Why So Many 17th-Century Jews Were Convinced an Eccentric Turkish Jew Was the Messiah

March 5 2021

Born in the city of Izmir (Smyrna) in 1626, Shabbetai Tsvi, while still in his twenties, pronounced God’s ineffable name and celebrated the three major festivals in a single week; later he married a prostitute. Only after that did he meet a mystic and self-proclaimed prophet named Nathan of Gaza who convinced him that he was the messiah. By the mid-1660s, much of European and Middle Eastern Jewry had become convinced that Shabbetai Tsvi was in fact going to lead them back the Land of Israel. They were thus shocked and disappointed when he converted to Islam—to avoid execution by the Ottoman sultan—but a minority of his followers interpreted this decision as a kabbalistic tactic to hasten the redemption. The distinguished medieval historian David Berger tells the story in detail, and seeks to explain why Sabbatianism had a degree of success unparalleled either before or since. (Audio, 64 minutes.)

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Read more at YU Torah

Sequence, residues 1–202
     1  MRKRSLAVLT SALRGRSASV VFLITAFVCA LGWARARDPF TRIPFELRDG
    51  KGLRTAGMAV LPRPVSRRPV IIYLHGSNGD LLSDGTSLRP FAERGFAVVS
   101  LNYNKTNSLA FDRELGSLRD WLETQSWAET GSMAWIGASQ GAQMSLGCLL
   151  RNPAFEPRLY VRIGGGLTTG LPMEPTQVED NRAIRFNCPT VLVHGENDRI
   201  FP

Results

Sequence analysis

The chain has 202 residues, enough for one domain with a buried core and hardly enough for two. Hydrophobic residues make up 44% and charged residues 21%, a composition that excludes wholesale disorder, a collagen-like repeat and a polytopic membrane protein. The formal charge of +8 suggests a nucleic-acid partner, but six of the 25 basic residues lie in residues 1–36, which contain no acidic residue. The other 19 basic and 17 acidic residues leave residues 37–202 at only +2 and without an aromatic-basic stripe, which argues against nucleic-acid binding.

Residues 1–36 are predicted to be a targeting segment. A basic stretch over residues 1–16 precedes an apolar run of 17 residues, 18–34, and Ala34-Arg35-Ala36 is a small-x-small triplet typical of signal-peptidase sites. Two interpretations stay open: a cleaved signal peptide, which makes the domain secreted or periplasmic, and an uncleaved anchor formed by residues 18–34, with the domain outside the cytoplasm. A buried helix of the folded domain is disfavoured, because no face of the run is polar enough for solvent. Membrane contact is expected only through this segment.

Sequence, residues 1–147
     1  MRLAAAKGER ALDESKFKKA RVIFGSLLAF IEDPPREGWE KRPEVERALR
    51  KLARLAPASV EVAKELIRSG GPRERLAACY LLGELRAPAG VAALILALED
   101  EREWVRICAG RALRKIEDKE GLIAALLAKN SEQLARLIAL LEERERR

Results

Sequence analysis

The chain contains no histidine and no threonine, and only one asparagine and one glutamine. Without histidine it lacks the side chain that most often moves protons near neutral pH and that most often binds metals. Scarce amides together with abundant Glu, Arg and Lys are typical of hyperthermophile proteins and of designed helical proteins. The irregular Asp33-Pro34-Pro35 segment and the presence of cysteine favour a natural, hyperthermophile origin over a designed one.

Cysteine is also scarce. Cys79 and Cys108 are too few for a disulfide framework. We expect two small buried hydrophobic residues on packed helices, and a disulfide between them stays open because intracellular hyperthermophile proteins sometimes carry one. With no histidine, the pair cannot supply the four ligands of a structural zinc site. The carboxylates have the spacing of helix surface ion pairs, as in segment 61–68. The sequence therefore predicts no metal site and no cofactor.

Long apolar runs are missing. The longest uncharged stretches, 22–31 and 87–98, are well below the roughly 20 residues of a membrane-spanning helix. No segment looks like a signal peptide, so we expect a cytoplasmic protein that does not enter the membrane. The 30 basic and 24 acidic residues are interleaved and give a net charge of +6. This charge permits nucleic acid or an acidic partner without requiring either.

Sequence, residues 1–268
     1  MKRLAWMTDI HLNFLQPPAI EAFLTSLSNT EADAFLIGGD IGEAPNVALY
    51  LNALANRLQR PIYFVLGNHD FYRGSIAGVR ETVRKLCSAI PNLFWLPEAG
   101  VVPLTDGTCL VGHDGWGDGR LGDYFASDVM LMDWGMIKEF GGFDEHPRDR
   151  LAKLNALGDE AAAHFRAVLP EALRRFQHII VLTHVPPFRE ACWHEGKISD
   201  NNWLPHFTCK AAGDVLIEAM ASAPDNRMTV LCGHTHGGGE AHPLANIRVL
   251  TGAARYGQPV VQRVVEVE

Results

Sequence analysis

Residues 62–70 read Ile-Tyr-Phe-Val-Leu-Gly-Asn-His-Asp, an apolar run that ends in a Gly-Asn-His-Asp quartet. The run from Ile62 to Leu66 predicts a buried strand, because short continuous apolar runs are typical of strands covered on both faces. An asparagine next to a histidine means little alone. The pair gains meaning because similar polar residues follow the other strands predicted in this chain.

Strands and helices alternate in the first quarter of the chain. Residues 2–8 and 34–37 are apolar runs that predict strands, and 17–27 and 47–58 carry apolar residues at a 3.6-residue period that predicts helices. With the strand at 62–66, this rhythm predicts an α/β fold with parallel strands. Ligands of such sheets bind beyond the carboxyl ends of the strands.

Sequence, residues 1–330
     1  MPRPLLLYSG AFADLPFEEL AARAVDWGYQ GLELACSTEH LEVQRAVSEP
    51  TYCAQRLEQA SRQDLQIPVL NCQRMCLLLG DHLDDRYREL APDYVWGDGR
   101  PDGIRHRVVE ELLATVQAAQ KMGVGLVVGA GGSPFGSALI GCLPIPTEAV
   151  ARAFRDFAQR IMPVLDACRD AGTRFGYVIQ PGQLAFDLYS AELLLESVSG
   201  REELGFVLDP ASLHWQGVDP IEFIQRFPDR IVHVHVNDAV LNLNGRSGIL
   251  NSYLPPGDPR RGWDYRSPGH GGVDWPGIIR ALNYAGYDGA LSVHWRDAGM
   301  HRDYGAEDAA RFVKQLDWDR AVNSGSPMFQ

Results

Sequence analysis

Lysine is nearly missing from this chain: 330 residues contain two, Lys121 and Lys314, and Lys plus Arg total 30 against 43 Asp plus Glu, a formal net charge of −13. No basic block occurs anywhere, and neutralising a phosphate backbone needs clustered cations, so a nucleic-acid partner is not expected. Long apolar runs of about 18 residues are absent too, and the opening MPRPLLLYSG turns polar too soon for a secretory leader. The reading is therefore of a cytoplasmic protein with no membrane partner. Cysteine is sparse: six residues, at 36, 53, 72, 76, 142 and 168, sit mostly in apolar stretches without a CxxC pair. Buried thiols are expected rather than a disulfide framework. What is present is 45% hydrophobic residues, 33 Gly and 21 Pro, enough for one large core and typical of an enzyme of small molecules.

More about: Kabbalah, Messianism, Ottoman Empire, Shabbetai Tzvi

In Yemen, Iran Is Preparing for Its Next War with Israel

Sept. 20 2021

In the past few weeks, Houthi rebels backed by Iran have escalated their attacks on Saudi and Emirati positions in Yemen. On September 4, they also launched multiple ballistic-missile and drone attacks on several Aramco facilities within Saudi Arabia. The U.S. removed some of its anti-missile batteries from Saudi Arabia a week later, rendering the kingdom even more vulnerable. The Houthis—who mark every missile and drone launch by chanting their slogan, “God is great, death to America, death to Israel, curse the Jews, and victory for Islam!”—are part of the network of militias and proxy groups Tehran dubs the “axis of resistance,” which also operate in Iraq, Syria, Lebanon, and the Gaza Strip. Michael Segall writes:

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Read more at Jerusalem Center for Public Affairs

More about: Gaza Strip, Hizballah, Iran, Israeli Security, Saudi Arabia, Yemen